This week! Books!
It’s now officially summer in the publishing world, and happy Summer Friday to all who are celebrating by shutting their laptops around lunch time. Just a few links for your weekend pleasure
Publishers Weekly hosted a virtual U.S. Book Show, and BookBub has a good roundup of some of the marketing and sales trends that were discussed at the conference. Namely: the backlist is more important than ever, supply chains are stretched, and publishers are increasingly valuing analytical skills in their marketing hires.
Bashirat Oladele at Polygon has a thought-provoking article about some of the cultural dynamics that have led to a downward trend in dystopian fiction, namely that a single-protagonist-bringing-down-the-government storylines in particular doesn’t speak to younger generations more versed in collective action, and a dearth of non-white characters doesn’t reflect their world.
As someone who, full disclosure, has a dystopian-ish novel pending, let me just reassure others in my boat that this current trend doesn’t mean your dystopian novel is DOA. The vast majority of non-space opera science fiction is dystopian-ish (and even a lot of space operas are too). There will always be an appetite for these kinds of novels, even if they’re not blowing up the bestseller list en masse right this second. But the dynamics Oladele speaks to are worth internalizing to make sure you’re writing a novel that speaks to today’s readers.
Stephen L. Carter at Bloomberg cites studies that show that we remember content more when we read physical books as a way to celebrate resilient print sales.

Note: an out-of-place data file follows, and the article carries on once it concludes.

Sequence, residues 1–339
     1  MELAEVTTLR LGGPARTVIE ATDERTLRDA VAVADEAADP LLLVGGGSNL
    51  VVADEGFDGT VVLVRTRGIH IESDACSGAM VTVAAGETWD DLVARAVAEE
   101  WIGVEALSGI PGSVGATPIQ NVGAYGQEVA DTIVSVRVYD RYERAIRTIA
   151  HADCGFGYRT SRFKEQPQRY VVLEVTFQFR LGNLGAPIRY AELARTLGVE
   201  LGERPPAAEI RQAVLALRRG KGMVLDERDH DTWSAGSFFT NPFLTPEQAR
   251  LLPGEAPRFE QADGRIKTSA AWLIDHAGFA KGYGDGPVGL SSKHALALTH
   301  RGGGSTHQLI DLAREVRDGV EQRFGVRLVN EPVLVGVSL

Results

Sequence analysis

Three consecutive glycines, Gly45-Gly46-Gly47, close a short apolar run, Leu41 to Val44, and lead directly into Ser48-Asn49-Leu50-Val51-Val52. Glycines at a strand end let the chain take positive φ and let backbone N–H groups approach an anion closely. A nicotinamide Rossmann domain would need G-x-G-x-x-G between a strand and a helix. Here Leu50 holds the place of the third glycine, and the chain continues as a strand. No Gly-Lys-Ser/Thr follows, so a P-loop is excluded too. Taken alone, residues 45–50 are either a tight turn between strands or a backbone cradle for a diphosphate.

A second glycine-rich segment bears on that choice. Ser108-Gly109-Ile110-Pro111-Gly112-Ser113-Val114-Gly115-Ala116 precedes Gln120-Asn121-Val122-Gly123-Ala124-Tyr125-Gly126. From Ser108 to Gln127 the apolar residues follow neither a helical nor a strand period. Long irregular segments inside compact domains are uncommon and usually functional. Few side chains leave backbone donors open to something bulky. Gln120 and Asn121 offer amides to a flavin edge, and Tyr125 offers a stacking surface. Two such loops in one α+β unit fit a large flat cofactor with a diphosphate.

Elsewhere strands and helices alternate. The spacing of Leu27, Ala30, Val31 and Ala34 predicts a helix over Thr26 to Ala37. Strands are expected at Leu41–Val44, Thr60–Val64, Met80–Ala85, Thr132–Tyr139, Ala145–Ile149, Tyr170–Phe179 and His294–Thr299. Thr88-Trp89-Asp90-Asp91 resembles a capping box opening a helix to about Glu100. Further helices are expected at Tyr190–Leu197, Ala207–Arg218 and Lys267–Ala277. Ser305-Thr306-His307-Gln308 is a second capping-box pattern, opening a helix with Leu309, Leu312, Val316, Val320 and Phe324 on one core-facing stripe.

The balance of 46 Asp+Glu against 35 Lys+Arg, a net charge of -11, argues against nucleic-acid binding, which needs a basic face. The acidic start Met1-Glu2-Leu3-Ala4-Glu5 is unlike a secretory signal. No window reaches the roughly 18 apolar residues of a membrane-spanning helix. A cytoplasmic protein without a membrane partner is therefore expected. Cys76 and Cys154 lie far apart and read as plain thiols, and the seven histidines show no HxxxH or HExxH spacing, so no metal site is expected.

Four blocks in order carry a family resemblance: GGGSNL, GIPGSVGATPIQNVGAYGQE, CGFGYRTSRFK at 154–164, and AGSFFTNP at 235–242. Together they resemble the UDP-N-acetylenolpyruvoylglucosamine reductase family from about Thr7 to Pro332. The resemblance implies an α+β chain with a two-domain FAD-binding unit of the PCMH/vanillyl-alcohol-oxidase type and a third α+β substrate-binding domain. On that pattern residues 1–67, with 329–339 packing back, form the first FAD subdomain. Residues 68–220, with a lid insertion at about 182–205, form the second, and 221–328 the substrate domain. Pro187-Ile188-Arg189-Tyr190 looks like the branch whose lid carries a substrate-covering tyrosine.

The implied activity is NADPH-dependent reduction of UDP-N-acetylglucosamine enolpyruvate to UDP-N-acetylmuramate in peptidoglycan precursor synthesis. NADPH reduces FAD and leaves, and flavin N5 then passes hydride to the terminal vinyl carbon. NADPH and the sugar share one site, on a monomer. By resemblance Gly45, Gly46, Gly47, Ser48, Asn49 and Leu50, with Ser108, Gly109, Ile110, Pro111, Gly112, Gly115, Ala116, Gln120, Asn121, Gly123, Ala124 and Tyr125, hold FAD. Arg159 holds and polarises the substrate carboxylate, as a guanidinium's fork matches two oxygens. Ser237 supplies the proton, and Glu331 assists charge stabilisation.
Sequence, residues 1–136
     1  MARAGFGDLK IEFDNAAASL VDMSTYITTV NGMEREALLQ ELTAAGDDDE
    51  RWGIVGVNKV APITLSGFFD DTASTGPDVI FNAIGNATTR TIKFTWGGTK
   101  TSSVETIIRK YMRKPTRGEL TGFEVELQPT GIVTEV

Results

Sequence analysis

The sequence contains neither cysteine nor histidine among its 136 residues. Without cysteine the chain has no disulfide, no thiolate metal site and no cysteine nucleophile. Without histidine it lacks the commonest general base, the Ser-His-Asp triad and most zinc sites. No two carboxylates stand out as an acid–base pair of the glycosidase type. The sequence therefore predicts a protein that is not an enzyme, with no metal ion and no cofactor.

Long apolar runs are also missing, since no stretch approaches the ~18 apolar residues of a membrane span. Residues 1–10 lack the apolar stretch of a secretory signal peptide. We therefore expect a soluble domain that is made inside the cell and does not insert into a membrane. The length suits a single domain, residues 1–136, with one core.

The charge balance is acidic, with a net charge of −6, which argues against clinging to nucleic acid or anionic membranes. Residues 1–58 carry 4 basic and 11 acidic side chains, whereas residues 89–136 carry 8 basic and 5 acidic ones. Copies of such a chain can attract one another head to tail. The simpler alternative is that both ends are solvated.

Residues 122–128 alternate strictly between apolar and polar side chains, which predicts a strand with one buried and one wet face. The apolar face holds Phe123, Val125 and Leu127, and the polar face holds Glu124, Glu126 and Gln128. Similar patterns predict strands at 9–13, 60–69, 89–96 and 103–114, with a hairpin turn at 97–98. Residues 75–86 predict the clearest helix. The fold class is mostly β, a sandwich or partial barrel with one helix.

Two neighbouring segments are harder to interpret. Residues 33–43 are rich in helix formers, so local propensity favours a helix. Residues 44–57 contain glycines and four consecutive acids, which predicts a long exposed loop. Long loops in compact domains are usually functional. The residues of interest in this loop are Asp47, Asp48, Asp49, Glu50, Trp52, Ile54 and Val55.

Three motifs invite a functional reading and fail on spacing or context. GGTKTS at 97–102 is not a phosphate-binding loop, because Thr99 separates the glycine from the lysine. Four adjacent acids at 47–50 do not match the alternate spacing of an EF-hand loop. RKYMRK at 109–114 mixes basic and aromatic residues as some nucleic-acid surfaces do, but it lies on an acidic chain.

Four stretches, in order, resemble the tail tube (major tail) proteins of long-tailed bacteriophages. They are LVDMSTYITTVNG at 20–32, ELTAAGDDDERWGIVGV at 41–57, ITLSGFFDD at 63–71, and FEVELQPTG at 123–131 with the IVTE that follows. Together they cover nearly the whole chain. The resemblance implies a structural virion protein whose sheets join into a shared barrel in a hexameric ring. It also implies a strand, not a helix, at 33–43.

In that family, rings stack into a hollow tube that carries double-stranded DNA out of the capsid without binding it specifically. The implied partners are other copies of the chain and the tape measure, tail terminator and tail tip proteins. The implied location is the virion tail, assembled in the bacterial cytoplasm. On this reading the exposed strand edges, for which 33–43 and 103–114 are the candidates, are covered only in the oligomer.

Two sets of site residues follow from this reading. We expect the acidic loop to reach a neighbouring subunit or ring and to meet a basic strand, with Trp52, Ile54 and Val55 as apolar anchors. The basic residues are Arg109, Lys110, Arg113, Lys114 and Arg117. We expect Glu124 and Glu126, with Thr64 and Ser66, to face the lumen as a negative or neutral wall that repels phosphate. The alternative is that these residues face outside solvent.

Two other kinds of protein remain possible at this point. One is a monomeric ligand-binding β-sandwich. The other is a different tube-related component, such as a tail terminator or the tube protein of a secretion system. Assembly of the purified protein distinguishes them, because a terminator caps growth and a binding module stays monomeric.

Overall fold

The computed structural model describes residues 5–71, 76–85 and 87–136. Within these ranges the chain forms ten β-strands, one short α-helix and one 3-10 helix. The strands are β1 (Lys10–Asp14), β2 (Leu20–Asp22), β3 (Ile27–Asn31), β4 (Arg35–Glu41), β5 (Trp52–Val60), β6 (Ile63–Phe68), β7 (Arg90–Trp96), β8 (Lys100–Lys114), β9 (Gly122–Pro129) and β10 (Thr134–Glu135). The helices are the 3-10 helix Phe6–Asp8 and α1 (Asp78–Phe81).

Agent Jessica Faust at Bookends discusses how agents decide to offer representation and what goes into preparation for the offer call.
And there’s an intriguing new program in the UK that would allow authors to earn royalties on used book sales.
This week in bestsellers
Here are the top five NY Times bestsellers in a few key categories. (All links are affiliate links):
Adult print and e-book fiction:
- Legacy by Nora Roberts
- The Last Thing He Told Me by Laura Dave
- Shadow Storm by Christine Feehan
- Project Hail Mary by Andy Weir
- Sooley by John Grisham
Adult print and e-book nonfiction:
- Killing the Mob by Bill O’Reilly and Martin Dugard
- What Happened to You? by Bruce D. Perry and Oprah Winfrey
- The Anthropocene Reviewed by John Green
- Zero Fail by Carol Leonnig
- The Premonition by Michael Lewis
Young adult hardcover:
- Stamped by Jason Reynolds and Ibram X. Kendi
- One of Us is Lying by Karen M. McManus
- Realm Breaker by Victoria Aveyard
- Mister Impossible by Maggie Stiefvater
- Rule of Wolves by Leigh Bardugo
Middle grade hardcover:
- Stamped (For Kids) by Jason Reynolds, Ibram X. Kendi and Sonja Cherry-Paul
- Wonder by R.J. Palacio
- The Ickabog by J.K. Rowling
- Refugee by Alan Gratz
- Best Nerds Forever by James Patterson and Chris Grabenstein
This week on the blog
In case you missed them, here are this week’s posts:
- How do you plan to publish your work in progress? (2021)
- Be careful with the “VERBing, character(s) VERBED” sentence structure (page critique)
Don’t forget that you can nominate your first page and query for a free critique on the blog:
And keep up with the discussion in all the places!
And finally, this horrific story feels like something out of a science novel. Or, you know, specifically Minority Report. When the Chicago police used algorithms to predict that a man would either shot or get shot, they turned it into a self-fulfilling prophecy.
Um, well, have a great weekend! Support police reform and ethical application of algorithms!
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